3. Do the math.

Add up the total KPIs achieved from list D spending during your chosen time period, and assign them to list D. You should know the number of KPIs that came directly from the spending in list D, because by definition, list D will be directly measurable and tied to your KPI. If your list D marketing spend impacts your KPI in a future period instead of the current period, make sure you use the same future period, when you add up the KPIs from list D and from list I in the next step.

4. Do the math, Part II.

Add up the total KPIs achieved from list I spending by subtracting the KPIs in list D from all KPIs achieved in your chosen period. For example, if you had a total of 100,000 new website visitors during your chosen period, and 55,000 came from spending in list D, you would assign 55,000 KPIs to list D and 45,000 to list I.

5. Do the math, Part III.

Calculate the cost-per-KPI for both lists by dividing the total spending in each list by the total KPIs achieved from the spending in each list.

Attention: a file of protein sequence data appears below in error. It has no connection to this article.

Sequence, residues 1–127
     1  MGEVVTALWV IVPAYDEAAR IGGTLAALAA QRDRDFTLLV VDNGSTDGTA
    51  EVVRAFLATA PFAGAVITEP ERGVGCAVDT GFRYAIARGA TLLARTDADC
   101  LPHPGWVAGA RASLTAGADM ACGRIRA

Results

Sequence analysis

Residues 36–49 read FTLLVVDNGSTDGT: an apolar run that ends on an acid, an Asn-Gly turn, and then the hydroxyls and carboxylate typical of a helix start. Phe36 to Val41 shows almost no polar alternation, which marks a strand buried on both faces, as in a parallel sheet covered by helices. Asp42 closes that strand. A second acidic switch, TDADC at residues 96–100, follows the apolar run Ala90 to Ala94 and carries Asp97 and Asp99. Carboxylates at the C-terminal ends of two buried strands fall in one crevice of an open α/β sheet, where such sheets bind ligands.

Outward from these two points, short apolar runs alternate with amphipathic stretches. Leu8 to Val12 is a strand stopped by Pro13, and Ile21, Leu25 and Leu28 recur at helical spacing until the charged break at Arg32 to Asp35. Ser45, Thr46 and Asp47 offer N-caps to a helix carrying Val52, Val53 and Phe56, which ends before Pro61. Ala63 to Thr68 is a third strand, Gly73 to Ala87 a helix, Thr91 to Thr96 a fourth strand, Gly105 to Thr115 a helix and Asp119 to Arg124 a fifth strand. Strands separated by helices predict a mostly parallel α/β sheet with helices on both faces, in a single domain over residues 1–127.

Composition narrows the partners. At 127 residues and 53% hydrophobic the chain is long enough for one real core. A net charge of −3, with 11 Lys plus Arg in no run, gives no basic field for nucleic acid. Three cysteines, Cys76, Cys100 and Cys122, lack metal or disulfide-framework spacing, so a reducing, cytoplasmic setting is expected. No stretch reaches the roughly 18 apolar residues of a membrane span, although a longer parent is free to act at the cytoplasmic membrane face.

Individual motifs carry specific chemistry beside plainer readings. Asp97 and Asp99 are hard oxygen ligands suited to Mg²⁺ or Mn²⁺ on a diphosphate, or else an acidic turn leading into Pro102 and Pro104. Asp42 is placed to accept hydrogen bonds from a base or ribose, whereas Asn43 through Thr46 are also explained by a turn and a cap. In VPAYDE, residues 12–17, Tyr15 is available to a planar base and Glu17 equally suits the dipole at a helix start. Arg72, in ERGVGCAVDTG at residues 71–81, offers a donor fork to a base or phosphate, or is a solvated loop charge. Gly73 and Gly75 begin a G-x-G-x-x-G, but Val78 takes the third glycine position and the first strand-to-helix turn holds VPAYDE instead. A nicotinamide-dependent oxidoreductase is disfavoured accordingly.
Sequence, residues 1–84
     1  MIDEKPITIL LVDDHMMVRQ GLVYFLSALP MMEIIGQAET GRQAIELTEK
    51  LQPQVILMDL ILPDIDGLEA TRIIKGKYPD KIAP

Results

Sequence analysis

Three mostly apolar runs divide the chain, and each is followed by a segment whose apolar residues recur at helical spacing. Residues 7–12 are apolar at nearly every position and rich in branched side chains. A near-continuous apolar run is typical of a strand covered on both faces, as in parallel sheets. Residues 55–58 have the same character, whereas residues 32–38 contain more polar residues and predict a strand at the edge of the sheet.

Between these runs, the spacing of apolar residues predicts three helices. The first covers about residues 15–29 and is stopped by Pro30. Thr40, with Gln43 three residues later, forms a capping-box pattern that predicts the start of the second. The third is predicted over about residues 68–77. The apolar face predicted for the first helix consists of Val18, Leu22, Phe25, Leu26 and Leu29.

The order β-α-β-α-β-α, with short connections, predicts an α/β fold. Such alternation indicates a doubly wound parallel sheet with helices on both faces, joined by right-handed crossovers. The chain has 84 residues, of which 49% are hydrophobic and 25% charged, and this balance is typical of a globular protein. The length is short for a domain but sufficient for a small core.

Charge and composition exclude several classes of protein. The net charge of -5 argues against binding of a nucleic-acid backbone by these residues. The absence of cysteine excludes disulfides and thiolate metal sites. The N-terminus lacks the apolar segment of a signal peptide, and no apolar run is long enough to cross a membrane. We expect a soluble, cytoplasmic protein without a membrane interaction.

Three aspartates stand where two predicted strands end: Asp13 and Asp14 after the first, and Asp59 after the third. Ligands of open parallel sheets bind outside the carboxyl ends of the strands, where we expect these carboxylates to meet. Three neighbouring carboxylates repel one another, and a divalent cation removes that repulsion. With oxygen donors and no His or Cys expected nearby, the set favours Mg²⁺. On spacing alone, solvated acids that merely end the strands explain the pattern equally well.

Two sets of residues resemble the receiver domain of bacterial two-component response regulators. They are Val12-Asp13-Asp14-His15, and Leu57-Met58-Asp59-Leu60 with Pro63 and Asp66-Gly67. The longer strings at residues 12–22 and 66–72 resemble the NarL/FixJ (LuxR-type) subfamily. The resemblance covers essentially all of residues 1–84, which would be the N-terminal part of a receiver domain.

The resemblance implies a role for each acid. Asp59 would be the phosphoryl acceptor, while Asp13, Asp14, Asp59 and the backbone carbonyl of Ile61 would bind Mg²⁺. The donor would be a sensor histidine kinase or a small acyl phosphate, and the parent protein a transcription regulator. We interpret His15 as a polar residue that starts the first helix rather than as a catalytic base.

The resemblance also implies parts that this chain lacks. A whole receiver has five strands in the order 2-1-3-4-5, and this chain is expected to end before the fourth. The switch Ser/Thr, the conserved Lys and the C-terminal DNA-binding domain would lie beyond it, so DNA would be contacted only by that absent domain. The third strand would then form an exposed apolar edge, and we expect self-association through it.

6. Reallocate, if necessary.

Consider reallocating or cutting back on your spending in list I if the cost per KPI on that list is higher than the cost per KPI in list D. If you’re not sure exactly how much or where to cut, begin testing reduced portions of your list I spending in isolation against the benchmark in your list D spending. That way, you’ll only be spending the minimum amount of money necessary to prove out your indirect spending decisions.

This six-step process is oversimplified and assumes you’re always optimizing your direct and measurable spending against your KPIs. It also assumes that some portion of your marketing spend is hard to measure in terms of direct impact.

Keep in mind, however, that our increasingly connected world means fewer excuses for not measuring the direct impact of your marketing spend on key metrics. Make sure you always prioritize spending on measurement and analytics so you eliminate as many blind spots as possible. Remember: You can’t manage what you can’t measure.

Source: John Arnold in Entrepreneur magazine

Complete Media Inc is a Sioux Falls marketing, advertising, website design and web hosting company specializing in web design, maintenance and hosting services.

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Tracking Return on Investment in Your Marketing